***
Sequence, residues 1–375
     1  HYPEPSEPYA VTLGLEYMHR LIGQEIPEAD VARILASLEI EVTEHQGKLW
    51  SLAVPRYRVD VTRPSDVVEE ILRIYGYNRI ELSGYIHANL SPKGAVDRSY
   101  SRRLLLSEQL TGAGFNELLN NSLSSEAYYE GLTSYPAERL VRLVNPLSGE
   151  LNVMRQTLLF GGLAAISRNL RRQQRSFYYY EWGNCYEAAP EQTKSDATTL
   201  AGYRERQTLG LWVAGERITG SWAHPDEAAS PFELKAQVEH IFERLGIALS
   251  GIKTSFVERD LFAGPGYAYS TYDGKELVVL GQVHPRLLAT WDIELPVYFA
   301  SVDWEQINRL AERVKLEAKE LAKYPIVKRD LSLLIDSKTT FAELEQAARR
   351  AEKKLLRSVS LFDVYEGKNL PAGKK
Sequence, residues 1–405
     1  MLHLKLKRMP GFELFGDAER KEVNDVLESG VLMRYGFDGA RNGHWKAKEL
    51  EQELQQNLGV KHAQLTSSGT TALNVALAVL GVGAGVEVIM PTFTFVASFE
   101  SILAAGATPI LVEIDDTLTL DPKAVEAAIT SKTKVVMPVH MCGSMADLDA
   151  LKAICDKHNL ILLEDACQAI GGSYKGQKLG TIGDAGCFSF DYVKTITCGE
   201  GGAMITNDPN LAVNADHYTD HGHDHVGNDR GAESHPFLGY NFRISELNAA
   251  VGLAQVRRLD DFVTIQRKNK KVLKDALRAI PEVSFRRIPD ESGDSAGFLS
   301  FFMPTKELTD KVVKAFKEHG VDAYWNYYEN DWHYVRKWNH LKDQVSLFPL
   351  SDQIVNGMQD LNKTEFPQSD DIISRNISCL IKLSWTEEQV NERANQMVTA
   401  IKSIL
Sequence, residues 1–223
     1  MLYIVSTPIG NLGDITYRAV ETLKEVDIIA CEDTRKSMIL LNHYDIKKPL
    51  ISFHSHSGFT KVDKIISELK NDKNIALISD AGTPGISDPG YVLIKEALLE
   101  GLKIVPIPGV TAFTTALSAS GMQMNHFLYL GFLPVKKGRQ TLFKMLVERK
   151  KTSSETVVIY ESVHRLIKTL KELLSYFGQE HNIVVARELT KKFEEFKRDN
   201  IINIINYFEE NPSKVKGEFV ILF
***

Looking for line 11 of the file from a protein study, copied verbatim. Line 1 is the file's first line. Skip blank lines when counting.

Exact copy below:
     1  MLHLKLKRMP GFELFGDAER KEVNDVLESG VLMRYGFDGA RNGHWKAKEL